In The Diplomat Matt Anderson of CSIS argues for the sale of F-16s to Taiwan:
The first difference is that the F-16 production line could be permanently shut down if no new orders are received by the end of this year. On the surface, it appears that this will prompt the typical reaction by the military industrial complex to push arms sales in order to boost revenues and save jobs. But this time things are different. After the F-16 production line closes, there will be no other similar US fighter jets to sell to Taiwan. And other foreign militaries are probably less likely to anger China with sales of their own planes. After the F-16, the only options that could address the problem would be even more capable planes, like the F-35. If Beijing strongly disapproves of the sale of F-16s to its renegade province, the sale of more advanced aircraft would likely evoke exponentially stronger protests from China.Aside from the pro-forma hacks on the pro-democracy crowd, which is Provocative®:, Anderson advances the argument that it would actually be better for stability to sell F-16s now than have to sell more advanced fighters later. The idea that Ma is going to become "provocative" if he doesn't get F-16s is laughable -- he need merely make noise in their favor, as he is doing now. But he really doesn't want the aircraft, and the Obama Administration really doesn't want to give them.
Another difference is how the debate is coinciding with US electoral cycles. Arms sales to Taiwan have been a part of US presidential politics before. However, awareness of and potential resentment toward China has rarely been so heightened. China’s rise has increasingly taken the lead in US geopolitical calculations of both policymakers and average voters. The last mid-term election saw a trend toward anti-China pandering on the economic front, and, since that time, China’s image has plunged in the eyes of many Americans because of its perceived belligerence. The underdog story of Taiwan, with its liberal, democratic society, could become prominent in the foreign policy debates of the next presidential election if the arms sale debate is still simmering.
A final difference in the current situation is that Beijing and Washington have a rare convergence of interests in the next Taiwanese election. Both sides would prefer to see Ma Ying-jeou re-elected. But to secure victory, Ma will likely have to prove to Taiwanese voters that he isn’t selling out their hard-fought de facto sovereignty with his pro-mainland policies. Ma could help his re-election chances if he could show to the Taiwanese electorate that he’s still prepared to defend the island from any unilateral move toward reunification by the PLA. US arms sales could be a clear signal that Ma is steadfast in his intent to adequately provide for the defence of Taiwan. In the event he fails to secure what is perceived to be a needed arms sale, then more provocative actions or statements may be required to co-opt the Kuomintang’s pro-independence rivals and move Ma closer to the middle.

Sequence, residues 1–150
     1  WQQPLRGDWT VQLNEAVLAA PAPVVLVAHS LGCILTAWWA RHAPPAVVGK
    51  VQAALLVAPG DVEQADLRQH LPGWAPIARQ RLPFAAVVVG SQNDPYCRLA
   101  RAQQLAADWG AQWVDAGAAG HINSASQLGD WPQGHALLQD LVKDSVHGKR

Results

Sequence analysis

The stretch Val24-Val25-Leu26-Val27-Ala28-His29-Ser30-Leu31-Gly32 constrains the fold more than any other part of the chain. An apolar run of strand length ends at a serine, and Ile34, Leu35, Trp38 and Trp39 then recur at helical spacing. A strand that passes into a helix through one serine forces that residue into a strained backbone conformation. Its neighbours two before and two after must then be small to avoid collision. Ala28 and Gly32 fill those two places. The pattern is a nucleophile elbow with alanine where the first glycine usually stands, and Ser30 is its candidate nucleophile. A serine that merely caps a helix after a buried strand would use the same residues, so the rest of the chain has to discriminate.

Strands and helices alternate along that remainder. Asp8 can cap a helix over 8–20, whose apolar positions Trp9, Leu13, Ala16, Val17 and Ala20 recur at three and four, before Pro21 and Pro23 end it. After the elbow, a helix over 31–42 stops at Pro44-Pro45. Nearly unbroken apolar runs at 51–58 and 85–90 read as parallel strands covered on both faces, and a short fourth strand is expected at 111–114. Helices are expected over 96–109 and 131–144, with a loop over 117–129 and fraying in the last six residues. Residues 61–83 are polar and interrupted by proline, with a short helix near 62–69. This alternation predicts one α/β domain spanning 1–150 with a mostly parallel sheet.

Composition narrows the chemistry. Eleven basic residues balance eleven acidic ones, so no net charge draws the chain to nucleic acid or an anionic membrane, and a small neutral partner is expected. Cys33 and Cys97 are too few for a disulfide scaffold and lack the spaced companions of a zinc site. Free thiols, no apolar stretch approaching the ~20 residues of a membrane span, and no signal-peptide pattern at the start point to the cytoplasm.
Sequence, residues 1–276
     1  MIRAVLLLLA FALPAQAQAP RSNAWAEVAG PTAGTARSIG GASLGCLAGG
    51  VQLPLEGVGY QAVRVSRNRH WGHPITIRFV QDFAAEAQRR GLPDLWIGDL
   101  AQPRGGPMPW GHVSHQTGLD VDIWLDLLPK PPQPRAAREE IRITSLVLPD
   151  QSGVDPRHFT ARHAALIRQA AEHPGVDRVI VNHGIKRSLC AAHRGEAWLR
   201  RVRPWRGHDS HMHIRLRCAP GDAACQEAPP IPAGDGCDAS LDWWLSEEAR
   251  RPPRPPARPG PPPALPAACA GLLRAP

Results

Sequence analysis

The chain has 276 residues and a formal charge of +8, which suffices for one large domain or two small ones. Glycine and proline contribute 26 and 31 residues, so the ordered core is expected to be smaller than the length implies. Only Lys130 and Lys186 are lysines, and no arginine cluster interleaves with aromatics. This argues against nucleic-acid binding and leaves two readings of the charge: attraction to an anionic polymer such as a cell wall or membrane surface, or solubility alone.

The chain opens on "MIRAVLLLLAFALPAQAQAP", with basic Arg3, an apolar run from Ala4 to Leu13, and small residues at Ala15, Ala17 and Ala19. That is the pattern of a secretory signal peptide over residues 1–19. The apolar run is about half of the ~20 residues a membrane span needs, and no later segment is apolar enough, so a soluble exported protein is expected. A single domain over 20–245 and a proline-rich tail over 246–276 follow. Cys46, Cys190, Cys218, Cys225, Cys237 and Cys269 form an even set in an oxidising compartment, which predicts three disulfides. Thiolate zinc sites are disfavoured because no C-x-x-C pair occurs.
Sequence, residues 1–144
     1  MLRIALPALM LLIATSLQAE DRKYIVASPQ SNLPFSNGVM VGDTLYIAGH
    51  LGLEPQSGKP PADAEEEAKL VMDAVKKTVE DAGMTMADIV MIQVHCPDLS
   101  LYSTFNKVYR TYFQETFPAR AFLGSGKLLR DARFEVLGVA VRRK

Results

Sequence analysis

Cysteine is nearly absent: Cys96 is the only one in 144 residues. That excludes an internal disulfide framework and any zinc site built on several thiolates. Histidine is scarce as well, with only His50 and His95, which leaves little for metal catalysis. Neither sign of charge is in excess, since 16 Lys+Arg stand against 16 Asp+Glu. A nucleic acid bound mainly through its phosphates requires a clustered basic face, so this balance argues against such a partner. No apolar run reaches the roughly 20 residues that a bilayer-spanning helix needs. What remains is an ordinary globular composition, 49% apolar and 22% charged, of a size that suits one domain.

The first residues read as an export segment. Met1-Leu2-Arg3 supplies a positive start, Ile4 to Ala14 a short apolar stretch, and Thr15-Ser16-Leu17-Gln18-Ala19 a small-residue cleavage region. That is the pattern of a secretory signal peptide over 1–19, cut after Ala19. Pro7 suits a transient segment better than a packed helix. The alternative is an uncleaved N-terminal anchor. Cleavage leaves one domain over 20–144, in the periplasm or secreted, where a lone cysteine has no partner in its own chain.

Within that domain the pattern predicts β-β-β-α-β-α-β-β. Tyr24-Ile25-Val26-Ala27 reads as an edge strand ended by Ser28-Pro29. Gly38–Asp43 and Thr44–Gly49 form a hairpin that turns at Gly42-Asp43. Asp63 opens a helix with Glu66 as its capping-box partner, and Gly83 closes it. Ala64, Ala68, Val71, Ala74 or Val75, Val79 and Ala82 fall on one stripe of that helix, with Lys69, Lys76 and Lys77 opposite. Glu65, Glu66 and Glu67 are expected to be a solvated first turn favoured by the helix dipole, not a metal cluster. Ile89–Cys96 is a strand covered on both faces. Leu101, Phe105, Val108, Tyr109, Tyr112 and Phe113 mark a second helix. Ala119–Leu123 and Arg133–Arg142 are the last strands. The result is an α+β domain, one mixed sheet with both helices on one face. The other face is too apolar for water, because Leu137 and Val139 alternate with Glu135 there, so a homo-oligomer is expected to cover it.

Further down he notes that the US public is less happy about China than it used to be, and US corporations, China's main constituency in the US, are also less enthused about China's mercilessly mercantile business environment. This means that the moment to sell F-16s has arrived.
This week Taiwan spokesman Philip Yang was in Washington to ask for the fighters. Yang's public calls for the sale should be read against Peter Lee's piece in the Asia Times which reveals much information about the little game Washington and Taipei are playing. Lee says:
The issue has become a Catch-22 for Taiwan, in which TECRO cannot submit an [Letter of Request] to AIT because [AIT] is under State Department orders to deny it, and then TECRO is told by the State Department that the LoR cannot be processed because it was not received, he said.This is why we won't get those fighters despite an array of impressive arguments for the sale. But since we can't get the fighters, we should build more missiles, says this analyst in Foreign Policy.
Man, I was saying that in letters to the old Taiwan News 15 years ago. Good to see the rest of the world catching up.
- UDN Poll has Ma up 43-37 on Tsai
- Poagao's one hour vid of his trip to Xiamen
- CSIS: China's new wave of aggressiveness in the South China Sea
- China's increasing penetration of N Korea.
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